• Your child may enjoy reading books about the hospital with the family.
  • Allow your child to help pack his or her own suitcase. Be sure to pack a favorite toy and pictures of family and pets.
  • Explain the benefits of the surgery in terms your child can understand. For example, "After the doctor fixes your arm, you can play ___ ."
  • Learn as much as you can about your child's surgery. Children know when their parents are worried. The more you know, the better you will feel and the more you can help explain things to your child.
  • Be with your child as often as possible to provide comfort and security.
  • Be patient with your child. It is normal for him or her to require more attention, have tantrums or be uncooperative. It is not unusual for your child to return to bedwetting or thumb sucking. Regressive behavior should improve after the stress of the procedure has passed.
  • Take care of yourself. Simplify your life; ask for help if you need it. Being positive can help reduce your child's anxiety.

At the Family Surgery Program at Atlantic Health System Children's Health, physician services are provided by Atlantic Medical Group and are on staff at Goryeb Children's Hospital.

Preparing Siblings for Surgery

When your child goes to the hospital, siblings may feel afraid, worried, or confused simply because they do not know what to expect, and may imagine the worst. They will also have to deal with being away from one or both parents, missing their brother or sister, or having to stay with other family or friends. Here are some of the feelings they might have:

  • Loneliness: They miss having their brother or sister to play with, and their parents around to care for and comfort them.
  • Abandonment: If they are not told about what is happening, brothers and sisters may feel like they are not important. They may worry about who will take care of them and may assume their needs will not be met.
  • Jealousy: Brothers and sisters often wish that they were the ones getting all the attention or presents from family and friends, and may be resentful or jealous of their sibling.
  • Guilt: Siblings may feel bad for having mean thoughts about their brother or sister, or feel like it is their fault their brother or sister is in the hospital. They might feel guilty for being healthy, when their brother or sister is ill.
  • Fear: They might think they can "catch" something from the sick brother or sister. They may be afraid the sick child will not get well or will not ever come home.

How do I prepare my other children for their sibling’s surgery?

  • Include siblings in conversations about the surgery - in words they can understand.
  • Make sure your children know why their sibling is going to the hospital.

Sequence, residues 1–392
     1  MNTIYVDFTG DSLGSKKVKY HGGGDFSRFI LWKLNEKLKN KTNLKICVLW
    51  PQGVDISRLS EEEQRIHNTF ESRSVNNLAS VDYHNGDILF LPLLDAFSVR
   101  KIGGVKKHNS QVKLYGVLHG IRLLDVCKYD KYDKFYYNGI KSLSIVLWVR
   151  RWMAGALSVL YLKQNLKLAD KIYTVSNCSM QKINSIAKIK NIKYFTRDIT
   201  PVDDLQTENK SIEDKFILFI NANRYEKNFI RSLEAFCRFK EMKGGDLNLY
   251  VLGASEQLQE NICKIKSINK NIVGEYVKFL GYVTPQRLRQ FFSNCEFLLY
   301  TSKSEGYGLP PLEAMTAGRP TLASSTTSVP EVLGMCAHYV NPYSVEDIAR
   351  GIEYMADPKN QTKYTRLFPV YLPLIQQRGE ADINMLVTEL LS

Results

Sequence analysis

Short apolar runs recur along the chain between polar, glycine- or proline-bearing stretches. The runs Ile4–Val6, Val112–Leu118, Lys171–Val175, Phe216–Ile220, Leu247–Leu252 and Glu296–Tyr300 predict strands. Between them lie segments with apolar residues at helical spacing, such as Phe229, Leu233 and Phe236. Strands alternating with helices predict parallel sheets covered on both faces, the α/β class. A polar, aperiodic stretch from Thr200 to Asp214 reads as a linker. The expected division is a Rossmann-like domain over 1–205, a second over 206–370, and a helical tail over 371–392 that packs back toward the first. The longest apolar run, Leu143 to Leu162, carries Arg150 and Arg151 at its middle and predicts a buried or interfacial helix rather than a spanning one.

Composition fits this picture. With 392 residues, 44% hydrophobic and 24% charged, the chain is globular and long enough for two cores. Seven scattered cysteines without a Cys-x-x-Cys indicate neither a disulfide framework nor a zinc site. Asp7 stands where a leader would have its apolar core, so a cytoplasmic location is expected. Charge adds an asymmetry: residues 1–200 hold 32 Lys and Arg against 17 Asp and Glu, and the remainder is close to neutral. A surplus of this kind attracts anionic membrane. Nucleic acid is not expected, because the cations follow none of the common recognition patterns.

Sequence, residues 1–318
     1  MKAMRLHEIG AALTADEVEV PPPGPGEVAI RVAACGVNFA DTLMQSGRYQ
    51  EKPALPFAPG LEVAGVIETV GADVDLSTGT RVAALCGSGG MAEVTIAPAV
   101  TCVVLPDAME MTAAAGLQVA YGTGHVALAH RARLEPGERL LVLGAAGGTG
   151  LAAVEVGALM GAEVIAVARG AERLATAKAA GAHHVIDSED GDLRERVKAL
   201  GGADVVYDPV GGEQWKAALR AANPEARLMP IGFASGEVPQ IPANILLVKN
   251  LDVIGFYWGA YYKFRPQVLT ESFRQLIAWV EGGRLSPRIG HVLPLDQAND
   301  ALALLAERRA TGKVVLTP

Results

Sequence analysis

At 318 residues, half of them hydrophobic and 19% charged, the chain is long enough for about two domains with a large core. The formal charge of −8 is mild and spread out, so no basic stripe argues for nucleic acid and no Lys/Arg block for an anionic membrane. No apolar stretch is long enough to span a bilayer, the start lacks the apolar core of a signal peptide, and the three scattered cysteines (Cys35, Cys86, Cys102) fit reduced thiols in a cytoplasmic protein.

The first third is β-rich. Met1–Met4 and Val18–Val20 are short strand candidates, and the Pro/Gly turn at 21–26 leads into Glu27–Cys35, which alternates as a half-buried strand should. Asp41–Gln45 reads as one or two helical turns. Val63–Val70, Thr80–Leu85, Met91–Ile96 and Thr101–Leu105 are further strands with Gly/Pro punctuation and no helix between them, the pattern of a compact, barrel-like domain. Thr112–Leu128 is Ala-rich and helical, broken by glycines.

• Make sure brothers and sisters know that some other responsible adult will be caring for them during the time you have to be at the hospital, and that you will come back as soon as you can.
  • Try to set aside private time for you and your children at home so that they can get some special attention.
  • Read books about going to the hospital with the entire family.
  • Give many compliments and hugs. Take extra time to notice good schoolwork or jobs done at home.
  • Give the siblings the choice of visiting. If they choose to visit, help prepare them for what to expect. Always consult with the child life specialist.

What are signs of stress in children whose siblings are having surgery?

Children may react to stress by:

  • Changing eating habits (eating less than usual, eating more than usual, or being picky about what he or she will eat)
  • Not wanting to talk or be with family members
  • Behaving “too good”
  • Needing lots of hugs and attention
  • Doing things to get in trouble and get attention
  • Saying they feel sick too

How can I help the siblings at home?

  • Let the child at home know that it is acceptable to be afraid and to cry.
  • Tell the truth when you answer your children's questions, but be sure to use simple explanations your child can understand.
  • Keep routines at home as normal as you can.
  • Have your children at home draw pictures or make cards to send to the hospital.
  • Set up times for your children to talk to each other on the phone or to visit at the hospital.
  • Do not be afraid to ask family and friends to help. Simplify your life as much as possible. Remaining positive and calm can help the entire family.

As part of the Family Surgery Program at Atlantic Health System Children's Health, physician services are provided by Atlantic Medical Group and are on staff at Goryeb Children's Hospital.

Preparing the Teenager for Surgery

What part about surgery is most stressful for a teenager?

Adolescents like to participate in decisions that affect their lives, including the kind of health care they receive. Parents need to partner with teens to make health care decisions. Recognizing the fears that teenagers have about surgery will help you in your preparations. Common fears include:

  • Loss of control
  • Being away from school and friends